SeanJMillerUnraveling astroglia heterogeneity in health and disease

My research focuses on astroglia heterogeneity in the adult central nervous system (CNS). Astroglia are the most abundant cell type in the CNS, playing essential roles in maintaining homeostasis. Important functions of astroglia include regulation of neurotransmitter recycling, elimination and generation of neuronal synapses, immune-modulation, and support of the blood-brain-barrier. Historically, astroglia have been categorized into two groups based on their morphological depictions and gross anatomical localization. This includes protoplasmic astroglia of the grey matter and fibrous astroglia of the white matter. More recently, accumulating evidence in development and adulthood has suggested that astroglia display a high level of heterogeneity in order to support their physiological niche. To better understand these different subtypes, we generated a novel transgenic mouse model that selectively and robustly labels an astroglia subpopulation in cortical layers II/II and V, and also in the spinal cord with tdTomato-fluorescence. After extensive analyses, we have shown that these astroglia subtypes are also present in the human cerebral cortex. More importantly, we now know that these astroglia interact with neighboring neurons to promote dendritic branching and spine density by the release of neuron-modulating polypeptides. In neurological diseases such as psychosis and neurodegeneration we have also shown that these astroglia are greatly affected in areas of neuronal death and functional deficits. This is among one of the first studies of its kind to exploit a unique astroglia subtype in different neurological disorders and provides us with a potentially new avenue for cell-specific therapeutics.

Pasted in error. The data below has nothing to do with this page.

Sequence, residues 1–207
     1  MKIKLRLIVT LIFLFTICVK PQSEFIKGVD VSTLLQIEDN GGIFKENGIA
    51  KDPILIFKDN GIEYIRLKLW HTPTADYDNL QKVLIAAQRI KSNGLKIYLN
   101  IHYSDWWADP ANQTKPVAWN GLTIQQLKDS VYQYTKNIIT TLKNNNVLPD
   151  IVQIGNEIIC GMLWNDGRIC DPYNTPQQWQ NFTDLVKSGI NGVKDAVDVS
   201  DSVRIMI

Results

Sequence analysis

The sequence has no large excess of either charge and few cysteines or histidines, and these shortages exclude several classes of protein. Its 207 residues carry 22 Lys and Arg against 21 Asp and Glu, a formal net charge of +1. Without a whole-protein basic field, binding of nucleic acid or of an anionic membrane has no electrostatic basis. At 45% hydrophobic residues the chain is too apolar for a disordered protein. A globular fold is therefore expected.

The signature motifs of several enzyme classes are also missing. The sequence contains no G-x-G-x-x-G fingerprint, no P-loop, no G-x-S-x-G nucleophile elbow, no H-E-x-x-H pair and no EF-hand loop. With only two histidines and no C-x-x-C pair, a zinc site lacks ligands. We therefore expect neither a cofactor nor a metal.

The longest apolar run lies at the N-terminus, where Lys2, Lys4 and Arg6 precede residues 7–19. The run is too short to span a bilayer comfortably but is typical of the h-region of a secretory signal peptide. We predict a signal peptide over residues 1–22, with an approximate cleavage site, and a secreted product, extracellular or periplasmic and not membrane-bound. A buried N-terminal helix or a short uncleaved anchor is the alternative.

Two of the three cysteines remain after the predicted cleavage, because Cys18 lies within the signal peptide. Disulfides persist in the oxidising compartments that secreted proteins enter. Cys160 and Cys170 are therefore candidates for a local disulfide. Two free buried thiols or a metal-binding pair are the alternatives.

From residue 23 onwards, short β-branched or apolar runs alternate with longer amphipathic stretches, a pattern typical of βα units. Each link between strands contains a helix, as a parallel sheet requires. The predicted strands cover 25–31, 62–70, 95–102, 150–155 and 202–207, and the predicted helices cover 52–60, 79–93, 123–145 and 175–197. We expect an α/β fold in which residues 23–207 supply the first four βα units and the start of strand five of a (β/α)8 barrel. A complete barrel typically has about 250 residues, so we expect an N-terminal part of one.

Recent Publications

  • Veeraraghavalu K.*, Zhang C.*, Miller S.*, et al. A Role for RXR agonists in reducing A-Beta burden revisited: no evidence that Bexarotene alters A-Beta Levels or deposition in Vivo. Published in Science, 2013; 349(924):1235505.
  • Miller S.J., Philips T., Daigle G. et al. Moleculary defined astroglia subtype regulates layer V cortical neurons in Norrie disease. In resubmission to Science.
  • Raven F.*, Ward J.F.*, Katarzyna M., et al. Soluble gamma-secretase modulators attenuate Alzheimer’s beta-amyloid pathology and induce conformational changes in presenilin 1. In submission to eLife.
  • Miller S.J., Zhang P., Glatzer J., Rothstein J.D. Astroglial transcriptome dysregulation in early disease of an ALS mutant SOD1 mouse model. Published in J. Neurogenetics, 2016; DOI: 10.1080/01677063.2016.1260128.
  • Miller S.J., Rothstein J.D. Astroglia in thick tissue with super resolution and cellular reconstruction. Published in PLoS ONE, 2016; 11(8): e0160391.
  • Miller S.J., Rothstein J.D. 3D printed generated tissue iMolds for cleared tissue using single- and multi-photon microscopy for deep tissue evaluation. In Press in Biological Procedures Online.
  • Daigle J.G., Miller S.J., Sattler R. Rothstein J.D. An update on c9orf72 from neurons to neuroglia. In preparation.
  • Zhang K.*, Donnelly C.*, Haeusler A., et al. The c9orf72 repeat expansion disrupts nucleocytoplasmic transport. Published in the Nature, 2015; 525:56-61.
  • Vorobyeva A., Lee R.*, Miller S.*, Kandelwal P., et al. Cyclopamine modulates Gamma-Secretase mediated cleavage of Amyloid Precursor Protein by altering subcellular trafficking. Published in the Journal of Biological Chemistry, 2014; 289(48):33258-74.
  • Utreja S., Miller S.J., Saunders A.J. Calcineurin overexpression regulates APP metabolism. Published in Advances in Alzheimer’s Disease, 2013; 2(3):109-116.
  • Chakraborty R.,Vepuri V., Mhatre S., Paddock B., Miller S., et al. Characterization of a Drosophila Alzheimer’s Disease model: pharmacological rescue of cognitive defects. Published in PLoS ONE, 2011; 6(6): e20799.